Referring now to FIG. 9A, use of the apparatus of the present invention is described as a controller for fluids administration. In FIG. 9A, cardiac output is measured by apparatus 170, which may be any of the foregoing embodiments, and includes endotracheal tube 171 disposed in patient 200. Apparatus 170 is used to monitor hemodynamic status and as a metric to control the administration of fluids intravenously via lumen 172 coupled to fluid supply system 173. Computer 174, which may be an IBM- compatible PC (and, for example, the same computer that computes cardiac output from the impedance values output by impedance recorder 110 and digital sampler 112), controls fluid supply system 172. Operation of the apparatus of FIG. 9A is as follows. After a one unit loss of blood, for example, it is known that cardiac output changes but that heart rate and blood pressure do not. Thus, decreased cardiac output can be used to monitor the amount of fluids to be given to a patient. The apparatus of FIG. 9A provides a closed-loop system wherein the amount of fluid injected into the patient is controlled by the cardiac output computed as described hereinabove. In particular, a baseline cardiac output measurement is obtained and then a bolus of 50 cc of fluid is given while cardiac output is measured continuously. As long as the cardiac output increases, additional boluses of fluid are given periodically, e.g., every 15 minutes. This process may be repeated several times a day for a critically ill patient.
Referring now to FIG. 9B, use of the apparatus of the present is described as a controller for pacemaker 180. Generally, it is desirable to maximize cardiac output for the lowest possible heart rate, since the lower the heart rate, the lower the myocardial oxygen consumption. In the arrangement of FIG. 9B, cardiac output is measured by apparatus 181, which may be any of the foregoing embodiments, and includes endotracheal tube 182 disposed in patient 200. The output of apparatus 181 is used, in conjunction with computer 183, as a metric to control the setting of pacemaker 180 as described hereinafter.
A baseline cardiac output measurement is first obtained and then the heart rate is reduced by a predetermined amount, e.g., two beats/min, while the cardiac output is continuously monitored by apparatus 181. As long as the cardiac output increases or remains unchanged, the heart rate is periodically further lowered by the predetermined amount, for example, by 2 beats/min every 15 minutes. The process of reducing heart rate while monitoring cardiac output is continued until either a minimum desired heart rate is obtained or the cardiac output measured by apparatus 181 begins to decrease. If the cardiac output is determined to have decreased, the heart rate is returned to the preceding higher rate.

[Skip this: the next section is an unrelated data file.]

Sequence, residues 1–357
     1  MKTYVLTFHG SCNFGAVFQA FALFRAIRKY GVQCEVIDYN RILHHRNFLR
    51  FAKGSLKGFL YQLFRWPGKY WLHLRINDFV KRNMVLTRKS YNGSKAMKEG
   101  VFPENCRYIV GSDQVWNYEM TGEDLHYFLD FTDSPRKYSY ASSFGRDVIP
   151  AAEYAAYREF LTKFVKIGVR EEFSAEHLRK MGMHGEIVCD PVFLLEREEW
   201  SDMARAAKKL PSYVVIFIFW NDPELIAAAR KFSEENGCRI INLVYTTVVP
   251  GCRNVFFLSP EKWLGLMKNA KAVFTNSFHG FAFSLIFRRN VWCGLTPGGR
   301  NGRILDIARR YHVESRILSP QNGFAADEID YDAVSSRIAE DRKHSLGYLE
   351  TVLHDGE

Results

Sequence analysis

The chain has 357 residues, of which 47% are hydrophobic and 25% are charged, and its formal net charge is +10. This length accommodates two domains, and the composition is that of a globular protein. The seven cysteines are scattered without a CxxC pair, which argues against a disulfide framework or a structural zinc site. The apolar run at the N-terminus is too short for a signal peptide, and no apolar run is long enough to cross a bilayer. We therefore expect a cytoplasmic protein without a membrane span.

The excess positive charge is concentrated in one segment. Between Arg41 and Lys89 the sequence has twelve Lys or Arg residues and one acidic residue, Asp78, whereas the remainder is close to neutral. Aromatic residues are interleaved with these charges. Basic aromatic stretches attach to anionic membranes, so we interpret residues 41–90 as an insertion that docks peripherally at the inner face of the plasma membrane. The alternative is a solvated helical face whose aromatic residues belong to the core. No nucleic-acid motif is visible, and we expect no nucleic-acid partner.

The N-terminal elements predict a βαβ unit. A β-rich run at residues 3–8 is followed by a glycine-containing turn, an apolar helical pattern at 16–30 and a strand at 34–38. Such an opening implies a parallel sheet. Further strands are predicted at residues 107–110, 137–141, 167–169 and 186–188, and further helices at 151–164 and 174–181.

Initial testing of the methods and apparatus constructed in accordance with the present invention has yielded results comparable to catheterization techniques, but with a continuous output. Animal tests have been conducted using an implanted occluder within the inferior vena cava to vary preload and a Doppler ultrasound flow probe implanted on the ascending aorta to obtain samples for correlation to the output of the bio-impedance recorder. Good correlation of the
Doppler measurements to the bio-impedance determined with apparatus similar to that of FIG. 4A has been obtained. In addition, no damage to tracheal mucosa has been observed, even after extended periods of intubation.
Although preferred illustrative embodiments of the invention are described above, it will be obvious to one skilled in the art that various changes and modifications may be made therein without departing from the invention and that the appended claims are intended to cover all such changes and modifications which fall within the true spirit and scope of the invention. For example, applicant expects that the apparatus and methods of the present invention may be advantageously applied to animal subjects employed in clinical studies, as well as humans.
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|Clasificación internacional||A61B5/0492, A61B5/026, A61B5/05, A61B5/0408, A61B5/053, A61B5/0478|
|Clasificación cooperativa||A61B5/0538, A61B5/0535|
|Clasificación europea||A61B5/053N, A61B5/053F|